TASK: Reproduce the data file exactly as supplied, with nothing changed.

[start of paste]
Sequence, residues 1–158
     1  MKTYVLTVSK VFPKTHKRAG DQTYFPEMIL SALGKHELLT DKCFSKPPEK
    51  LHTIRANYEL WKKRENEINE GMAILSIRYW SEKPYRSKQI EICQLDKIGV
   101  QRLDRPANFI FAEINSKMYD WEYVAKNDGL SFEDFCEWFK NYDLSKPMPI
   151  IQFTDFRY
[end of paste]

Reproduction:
Sequence, residues 1–158
     1  MKTYVLTVSK VFPKTHKRAG DQTYFPEMIL SALGKHELLT DKCFSKPPEK
    51  LHTIRANYEL WKKRENEINE GMAILSIRYW SEKPYRSKQI EICQLDKIGV
   101  QRLDRPANFI FAEINSKMYD WEYVAKNDGL SFEDFCEWFK NYDLSKPMPI
   151  IQFTDFRY